Does your furnace need to be replaced?

You rely on your furnace to work well for about six months a year. You don’t want to it to get too old and turn into a safety hazard.

You try to prolong its life by buying a plan that includes furnace inspection or maintenance once a year, plus emergency calls and visits if there’s a breakdown. Direct Energy sells them as do others (such as AtlasCare, my contractor).

But can you rely on the technician who comes to your house for an annual furnace check? I wonder when I hear stories like this one, which I wrote about last Saturday.

I received many comments from readers and I’m helping those who need it. Meanwhile, I’m concerned about people being rushed into replacing furnaces without the proper checks, especially when told there’s a salesman in the area who can write up an order right away. Seems like a conflict of interest.

I also heard from someone hoping to get a $100 rebate from Enbridge Gas for installing a new furnace, only to be told the rebates were cut off early. I helped him get the rebate and also got a response from Enbridge about what happened (see below).

Author: Ellen Roseman

Consumer advocate and personal finance author and instructor.

11 thoughts on “Does your furnace need to be replaced?”

  1. Is it worth changing a 15-year old gas furnace for a new high efficiency one (supposedly 95% efficient)? When does one start to see the savings?

  2. This is not a new problem. We had this problem about 5 – 6 years ago in the dead of winter. There was a squeak in the furnace so we decide to use our service plan and call for a repair.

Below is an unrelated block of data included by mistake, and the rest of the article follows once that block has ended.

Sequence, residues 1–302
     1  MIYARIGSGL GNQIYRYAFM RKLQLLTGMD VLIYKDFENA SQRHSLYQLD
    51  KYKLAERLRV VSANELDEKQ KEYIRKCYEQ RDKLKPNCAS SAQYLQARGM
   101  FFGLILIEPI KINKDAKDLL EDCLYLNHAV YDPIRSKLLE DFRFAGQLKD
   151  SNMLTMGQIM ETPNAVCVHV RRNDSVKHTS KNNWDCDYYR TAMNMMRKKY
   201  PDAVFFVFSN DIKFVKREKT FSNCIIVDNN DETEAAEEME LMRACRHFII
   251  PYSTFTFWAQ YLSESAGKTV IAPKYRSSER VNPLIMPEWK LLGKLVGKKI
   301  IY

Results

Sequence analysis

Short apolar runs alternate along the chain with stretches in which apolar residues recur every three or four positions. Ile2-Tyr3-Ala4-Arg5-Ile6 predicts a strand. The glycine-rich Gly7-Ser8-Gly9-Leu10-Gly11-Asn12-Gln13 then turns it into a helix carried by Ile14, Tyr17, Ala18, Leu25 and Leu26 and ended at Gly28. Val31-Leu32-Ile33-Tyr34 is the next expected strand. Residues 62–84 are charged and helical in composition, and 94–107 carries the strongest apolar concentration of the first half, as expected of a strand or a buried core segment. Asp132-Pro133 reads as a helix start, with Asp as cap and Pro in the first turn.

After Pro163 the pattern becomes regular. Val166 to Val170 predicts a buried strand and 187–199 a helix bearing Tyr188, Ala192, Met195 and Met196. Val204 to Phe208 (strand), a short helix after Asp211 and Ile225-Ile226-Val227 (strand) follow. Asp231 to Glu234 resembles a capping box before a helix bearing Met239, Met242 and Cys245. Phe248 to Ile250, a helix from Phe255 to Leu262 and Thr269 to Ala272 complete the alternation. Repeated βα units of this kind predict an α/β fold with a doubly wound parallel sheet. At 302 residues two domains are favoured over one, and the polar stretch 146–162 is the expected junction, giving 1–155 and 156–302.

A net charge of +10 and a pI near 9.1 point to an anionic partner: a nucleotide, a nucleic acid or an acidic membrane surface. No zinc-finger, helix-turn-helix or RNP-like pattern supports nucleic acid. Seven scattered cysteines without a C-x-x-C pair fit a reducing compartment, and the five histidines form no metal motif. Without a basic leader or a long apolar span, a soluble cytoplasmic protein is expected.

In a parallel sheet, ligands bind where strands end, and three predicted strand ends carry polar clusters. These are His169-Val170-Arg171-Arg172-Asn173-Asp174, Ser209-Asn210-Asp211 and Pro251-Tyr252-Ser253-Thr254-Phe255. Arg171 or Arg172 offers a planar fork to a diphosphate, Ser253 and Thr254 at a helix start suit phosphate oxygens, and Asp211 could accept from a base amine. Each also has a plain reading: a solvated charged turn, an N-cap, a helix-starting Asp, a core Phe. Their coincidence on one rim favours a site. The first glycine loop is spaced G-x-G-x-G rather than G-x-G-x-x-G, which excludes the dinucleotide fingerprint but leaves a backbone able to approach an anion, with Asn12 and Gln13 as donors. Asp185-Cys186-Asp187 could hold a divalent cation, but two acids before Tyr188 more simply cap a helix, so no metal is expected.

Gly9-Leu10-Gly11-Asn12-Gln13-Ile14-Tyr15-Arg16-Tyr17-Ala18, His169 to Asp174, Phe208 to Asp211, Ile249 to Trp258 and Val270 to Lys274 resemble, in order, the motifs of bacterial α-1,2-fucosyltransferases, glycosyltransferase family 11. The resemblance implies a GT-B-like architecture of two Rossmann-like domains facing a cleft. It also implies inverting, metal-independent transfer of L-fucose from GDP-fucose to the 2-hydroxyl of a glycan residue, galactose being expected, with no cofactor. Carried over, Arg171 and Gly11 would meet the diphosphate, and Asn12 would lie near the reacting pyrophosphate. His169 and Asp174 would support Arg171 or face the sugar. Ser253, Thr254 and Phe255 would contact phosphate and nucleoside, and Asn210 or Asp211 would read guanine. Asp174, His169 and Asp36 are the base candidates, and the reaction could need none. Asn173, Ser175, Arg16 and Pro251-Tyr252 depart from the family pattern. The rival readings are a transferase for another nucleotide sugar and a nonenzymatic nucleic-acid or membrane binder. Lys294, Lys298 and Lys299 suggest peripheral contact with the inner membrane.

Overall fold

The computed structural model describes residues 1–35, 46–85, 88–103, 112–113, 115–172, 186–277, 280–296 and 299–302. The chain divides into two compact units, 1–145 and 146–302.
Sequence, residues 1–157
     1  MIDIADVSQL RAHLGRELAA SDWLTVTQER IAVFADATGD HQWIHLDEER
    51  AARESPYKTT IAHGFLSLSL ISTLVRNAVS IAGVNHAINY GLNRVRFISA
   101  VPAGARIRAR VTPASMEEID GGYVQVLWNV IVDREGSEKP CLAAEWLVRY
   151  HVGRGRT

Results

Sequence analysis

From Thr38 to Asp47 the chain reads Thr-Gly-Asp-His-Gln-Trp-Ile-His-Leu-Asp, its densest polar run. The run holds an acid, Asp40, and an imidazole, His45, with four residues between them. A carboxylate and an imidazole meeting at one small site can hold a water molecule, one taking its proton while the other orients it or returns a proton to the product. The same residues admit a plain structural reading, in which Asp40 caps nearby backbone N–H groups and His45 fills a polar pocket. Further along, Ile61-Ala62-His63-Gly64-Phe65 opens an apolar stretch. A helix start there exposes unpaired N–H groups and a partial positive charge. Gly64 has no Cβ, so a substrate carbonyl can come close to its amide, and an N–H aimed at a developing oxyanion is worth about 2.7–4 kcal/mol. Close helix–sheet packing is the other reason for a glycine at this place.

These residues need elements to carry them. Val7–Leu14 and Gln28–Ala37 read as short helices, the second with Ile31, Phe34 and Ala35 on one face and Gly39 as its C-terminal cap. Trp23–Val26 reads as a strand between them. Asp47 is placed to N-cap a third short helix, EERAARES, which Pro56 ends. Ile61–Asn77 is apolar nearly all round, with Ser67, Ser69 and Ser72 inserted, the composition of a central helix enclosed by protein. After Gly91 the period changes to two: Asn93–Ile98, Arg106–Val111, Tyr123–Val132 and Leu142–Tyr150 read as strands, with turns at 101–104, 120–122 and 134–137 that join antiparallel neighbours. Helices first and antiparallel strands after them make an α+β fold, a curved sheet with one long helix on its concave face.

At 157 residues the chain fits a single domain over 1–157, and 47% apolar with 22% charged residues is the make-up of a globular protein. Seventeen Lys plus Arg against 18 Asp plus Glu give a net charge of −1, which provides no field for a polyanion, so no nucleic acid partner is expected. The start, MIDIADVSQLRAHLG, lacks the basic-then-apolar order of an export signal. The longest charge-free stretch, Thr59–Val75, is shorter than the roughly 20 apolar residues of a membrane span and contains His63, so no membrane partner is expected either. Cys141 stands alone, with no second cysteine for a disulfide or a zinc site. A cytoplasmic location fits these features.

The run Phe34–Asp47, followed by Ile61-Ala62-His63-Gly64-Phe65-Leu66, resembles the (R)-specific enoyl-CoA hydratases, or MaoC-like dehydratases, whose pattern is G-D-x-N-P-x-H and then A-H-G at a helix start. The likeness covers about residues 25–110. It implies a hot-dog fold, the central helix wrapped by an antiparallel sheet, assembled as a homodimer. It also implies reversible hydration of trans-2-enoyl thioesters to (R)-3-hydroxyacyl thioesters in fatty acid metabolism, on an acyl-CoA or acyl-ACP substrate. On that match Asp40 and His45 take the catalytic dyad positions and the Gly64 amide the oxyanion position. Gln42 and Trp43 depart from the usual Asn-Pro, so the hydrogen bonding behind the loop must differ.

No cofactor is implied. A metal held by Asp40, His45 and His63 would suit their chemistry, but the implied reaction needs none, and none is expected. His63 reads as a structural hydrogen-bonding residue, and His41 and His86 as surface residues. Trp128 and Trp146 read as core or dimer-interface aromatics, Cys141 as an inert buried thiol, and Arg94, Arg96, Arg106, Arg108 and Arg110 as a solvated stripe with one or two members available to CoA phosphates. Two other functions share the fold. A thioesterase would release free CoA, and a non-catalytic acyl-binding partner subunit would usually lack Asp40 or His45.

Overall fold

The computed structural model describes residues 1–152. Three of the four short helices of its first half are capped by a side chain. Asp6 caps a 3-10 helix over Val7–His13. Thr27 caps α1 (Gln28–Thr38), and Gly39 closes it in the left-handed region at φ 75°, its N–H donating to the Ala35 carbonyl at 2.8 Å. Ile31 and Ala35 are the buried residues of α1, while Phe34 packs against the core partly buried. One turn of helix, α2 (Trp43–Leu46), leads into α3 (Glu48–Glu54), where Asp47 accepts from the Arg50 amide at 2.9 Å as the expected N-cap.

The furnace was only about 12 years old but within seconds of arriving the technician said we had a cracked heat exchanger and red tagged the furnace. When we asked to see the crack, he quickly pulled out tin shears and cut into the sheet metal to show us the so called crack. When he couldn’t find it, he pointed a raised area on top of the heat exchanger that was in no way cracked nor would it have been visible from his original inspection.

    We had another company come in and check the exchanger and they could not find anything wrong with it but since the technician had cut into the metal, the furnace no longer met CSA standards and would have to be replaced.

    Not surprisingly we heard from Enbridge within a short time after the red tagging offering us a new furnace. Although it was the dead of winter, we made a few phone calls and found another supplier with the exact same replacement furnace but at many hundres of dollars less.

    I guess some things never change.

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